Despite Enforcement Actions, Eventus Says Crypto Compliance Can Work
Major US exchanges have worked with Eventus on compliance issues.
KsanderDN/Shutterstock.com modified by Blockworks
As regulators around the world continue to take a closer look at the crypto industry, firms are starting to bring in third-party help. But a lack of clear technical standards means even the industry’s most popular choice for compliance software has a tough job on its hands.
Texas-based compliance software company Eventus works with traditional and crypto-native firms, including exchanges, banks and broker-dealers, to provide trade surveillance, transaction monitoring and anti-money laundering services.
Eventus has emerged as a popular choice for crypto companies, working with major names in the space including Coinbase, Gemini and, most recently, options exchange Deribit.
“Because additional crypto regulations are still in development across the globe, clients come to us to discuss how they can apply institutional-grade compliance to their businesses now,” a representative from Eventus said. “Global crypto regulations are not as specific and clear as what we see in other asset classes.”
But even as crypto companies take a more prescriptive approach to compliance, regulators are bringing the hammer down on past indiscretions. And some of them have involved companies that partner directly with Eventus, though none of the matters cited by regulators were related to the scope of Eventus’ work.
Earlier this month, Coinbase, an Eventus client since 2018, agreed to settle for $100 million with the New York State Department of Financial Services for violating anti-money laundering laws.
Coinbase said in October 2021 it used Eventus for trade surveillance, noting the company helped “provide 24/7/365 monitoring across all of Coinbase’s trading platforms in a way that manual tracking alone cannot.” A representative from Coinbase confirmed to Blockworks that the exchange is still partnered with Eventus.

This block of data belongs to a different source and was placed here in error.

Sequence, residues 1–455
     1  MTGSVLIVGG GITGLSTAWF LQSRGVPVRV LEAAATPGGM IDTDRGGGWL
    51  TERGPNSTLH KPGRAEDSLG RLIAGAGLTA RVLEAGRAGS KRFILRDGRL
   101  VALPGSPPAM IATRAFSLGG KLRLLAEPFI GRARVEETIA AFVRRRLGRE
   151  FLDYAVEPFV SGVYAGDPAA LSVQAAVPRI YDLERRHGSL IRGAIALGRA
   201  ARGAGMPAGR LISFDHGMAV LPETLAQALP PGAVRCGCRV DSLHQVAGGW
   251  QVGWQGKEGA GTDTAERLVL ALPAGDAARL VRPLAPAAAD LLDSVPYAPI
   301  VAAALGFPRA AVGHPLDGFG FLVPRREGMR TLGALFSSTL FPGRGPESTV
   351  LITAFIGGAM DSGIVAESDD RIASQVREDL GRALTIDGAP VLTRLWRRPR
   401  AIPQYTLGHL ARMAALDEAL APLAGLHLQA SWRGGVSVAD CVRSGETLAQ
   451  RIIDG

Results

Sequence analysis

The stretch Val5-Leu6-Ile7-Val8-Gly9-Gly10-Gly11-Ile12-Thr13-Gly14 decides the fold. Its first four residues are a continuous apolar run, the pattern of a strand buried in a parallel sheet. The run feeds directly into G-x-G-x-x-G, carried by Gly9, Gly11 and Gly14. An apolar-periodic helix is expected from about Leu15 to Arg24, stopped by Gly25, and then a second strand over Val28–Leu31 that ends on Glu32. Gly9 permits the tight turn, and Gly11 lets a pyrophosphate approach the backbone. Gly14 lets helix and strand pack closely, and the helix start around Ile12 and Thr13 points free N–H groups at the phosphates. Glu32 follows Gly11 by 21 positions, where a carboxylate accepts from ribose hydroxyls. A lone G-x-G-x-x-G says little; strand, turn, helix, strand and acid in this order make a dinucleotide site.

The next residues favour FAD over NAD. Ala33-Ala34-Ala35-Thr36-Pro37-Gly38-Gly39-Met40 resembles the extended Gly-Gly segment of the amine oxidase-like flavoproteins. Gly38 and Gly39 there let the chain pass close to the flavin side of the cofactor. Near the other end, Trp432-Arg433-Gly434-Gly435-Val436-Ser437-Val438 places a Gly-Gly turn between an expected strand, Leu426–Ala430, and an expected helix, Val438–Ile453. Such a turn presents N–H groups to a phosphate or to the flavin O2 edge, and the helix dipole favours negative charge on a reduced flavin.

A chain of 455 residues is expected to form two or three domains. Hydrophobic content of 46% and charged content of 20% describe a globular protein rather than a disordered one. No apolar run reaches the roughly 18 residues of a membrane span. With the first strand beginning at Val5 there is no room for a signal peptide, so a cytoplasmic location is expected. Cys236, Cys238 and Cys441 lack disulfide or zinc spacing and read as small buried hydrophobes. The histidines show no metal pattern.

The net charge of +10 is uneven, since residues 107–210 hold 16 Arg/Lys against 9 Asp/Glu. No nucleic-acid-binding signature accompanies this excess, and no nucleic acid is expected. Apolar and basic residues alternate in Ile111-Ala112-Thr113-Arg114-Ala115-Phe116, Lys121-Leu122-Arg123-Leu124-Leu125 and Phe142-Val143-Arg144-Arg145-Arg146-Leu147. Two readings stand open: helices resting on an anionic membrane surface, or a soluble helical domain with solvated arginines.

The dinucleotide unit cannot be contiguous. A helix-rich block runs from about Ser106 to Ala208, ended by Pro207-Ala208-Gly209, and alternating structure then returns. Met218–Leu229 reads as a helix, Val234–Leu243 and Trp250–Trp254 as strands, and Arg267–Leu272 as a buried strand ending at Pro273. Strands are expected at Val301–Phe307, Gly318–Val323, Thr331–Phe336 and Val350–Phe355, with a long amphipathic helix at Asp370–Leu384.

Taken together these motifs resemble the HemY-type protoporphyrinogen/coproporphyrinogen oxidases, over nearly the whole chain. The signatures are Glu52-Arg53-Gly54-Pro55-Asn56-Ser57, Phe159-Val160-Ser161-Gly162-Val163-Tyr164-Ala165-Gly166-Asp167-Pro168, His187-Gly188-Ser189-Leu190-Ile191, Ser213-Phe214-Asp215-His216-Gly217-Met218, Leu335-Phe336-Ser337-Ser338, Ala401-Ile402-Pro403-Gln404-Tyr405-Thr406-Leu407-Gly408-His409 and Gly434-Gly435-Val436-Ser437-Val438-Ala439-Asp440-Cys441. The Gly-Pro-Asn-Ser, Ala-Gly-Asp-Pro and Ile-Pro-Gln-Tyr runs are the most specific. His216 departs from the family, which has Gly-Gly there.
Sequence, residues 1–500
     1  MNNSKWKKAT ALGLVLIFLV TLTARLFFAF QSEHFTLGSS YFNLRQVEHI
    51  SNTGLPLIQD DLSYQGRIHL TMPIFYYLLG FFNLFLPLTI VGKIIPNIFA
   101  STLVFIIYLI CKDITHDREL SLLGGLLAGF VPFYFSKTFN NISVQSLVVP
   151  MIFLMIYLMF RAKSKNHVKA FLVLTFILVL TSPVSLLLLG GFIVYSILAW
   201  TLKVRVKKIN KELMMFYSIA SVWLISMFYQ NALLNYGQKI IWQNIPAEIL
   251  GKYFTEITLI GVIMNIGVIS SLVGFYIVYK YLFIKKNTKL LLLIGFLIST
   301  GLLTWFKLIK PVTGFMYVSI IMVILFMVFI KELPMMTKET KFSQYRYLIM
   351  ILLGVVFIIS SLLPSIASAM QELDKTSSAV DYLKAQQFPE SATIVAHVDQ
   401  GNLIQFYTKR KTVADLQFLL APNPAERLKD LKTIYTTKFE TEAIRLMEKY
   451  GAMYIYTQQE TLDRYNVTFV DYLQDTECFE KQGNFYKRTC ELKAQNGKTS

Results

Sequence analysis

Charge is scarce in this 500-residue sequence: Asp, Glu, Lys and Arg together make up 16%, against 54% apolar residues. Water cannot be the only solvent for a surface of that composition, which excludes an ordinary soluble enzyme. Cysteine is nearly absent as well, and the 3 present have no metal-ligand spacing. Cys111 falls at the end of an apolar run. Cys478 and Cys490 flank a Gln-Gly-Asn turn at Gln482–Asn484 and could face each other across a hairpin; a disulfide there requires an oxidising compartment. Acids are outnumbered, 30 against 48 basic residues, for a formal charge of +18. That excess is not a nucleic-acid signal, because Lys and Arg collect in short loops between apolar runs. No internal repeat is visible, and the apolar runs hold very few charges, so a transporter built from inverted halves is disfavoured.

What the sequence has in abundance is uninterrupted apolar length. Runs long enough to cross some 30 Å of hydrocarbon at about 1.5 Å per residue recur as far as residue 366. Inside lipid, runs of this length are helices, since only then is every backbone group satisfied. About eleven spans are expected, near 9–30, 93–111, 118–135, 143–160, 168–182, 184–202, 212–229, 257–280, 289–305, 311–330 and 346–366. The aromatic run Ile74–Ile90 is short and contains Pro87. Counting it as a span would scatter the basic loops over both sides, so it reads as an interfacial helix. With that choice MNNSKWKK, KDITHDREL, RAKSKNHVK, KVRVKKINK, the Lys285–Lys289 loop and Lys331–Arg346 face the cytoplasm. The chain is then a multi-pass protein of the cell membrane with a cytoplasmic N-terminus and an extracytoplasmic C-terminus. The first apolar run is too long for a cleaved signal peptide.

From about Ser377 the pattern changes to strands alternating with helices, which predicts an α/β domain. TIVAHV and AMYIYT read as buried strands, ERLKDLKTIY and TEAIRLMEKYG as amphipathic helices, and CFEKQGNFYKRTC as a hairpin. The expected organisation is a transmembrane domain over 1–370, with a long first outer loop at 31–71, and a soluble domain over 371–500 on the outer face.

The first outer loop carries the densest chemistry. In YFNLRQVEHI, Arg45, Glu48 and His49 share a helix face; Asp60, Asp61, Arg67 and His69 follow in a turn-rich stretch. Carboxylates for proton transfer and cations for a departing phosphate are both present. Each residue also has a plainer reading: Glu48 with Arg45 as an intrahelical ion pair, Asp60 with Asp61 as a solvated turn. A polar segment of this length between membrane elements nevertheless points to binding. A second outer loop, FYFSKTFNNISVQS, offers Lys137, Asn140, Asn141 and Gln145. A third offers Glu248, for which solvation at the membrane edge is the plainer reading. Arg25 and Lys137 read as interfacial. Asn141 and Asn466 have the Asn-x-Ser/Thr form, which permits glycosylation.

In April 2022, FTX announced it had contracted with Eventus for trade surveillance and risk monitoring services. The partnership came months after FTX US, the exchange’s American subsidiary, revealed it had started using Validus, Eventus’ platform for “surveillance, market risk, algo monitoring and anti-money laundering/transaction monitoring,” according to the firm’s website.
Gemini, which has been working with Eventus since 2020, was recently charged by the Securities and Exchange Commission with an unregistered securities offering through its Lend program in December 2020. Genesis was also charged.
The issues cited with Coinbase, FTX, and Gemini were not related to the relationships between these exchanges and Eventus, or any software provided by Eventus.
The representative from Eventus declined to comment on the company’s relationship with specific customers.
When asked if there is adequate infrastructure to effectively manage market surveillance for crypto companies, Eventus said the support is there.
“The technology exists to monitor crypto trading at scale and in near real-time,” the representative said. “The data needs for crypto are enormous but this is also the case for monitoring stocks, commodities, and derivatives, which our company does as well.”
Updated Jan. 31, 2023 at 09:15 am ET: This article has been updated to make it clearer that enforcement actions against exchanges mentioned were not related to their relationship with Eventus. A previous version of this article stated that Coinbase’s relationship with Eventus began in 2021; it has been corrected to 2018. We regret the error.
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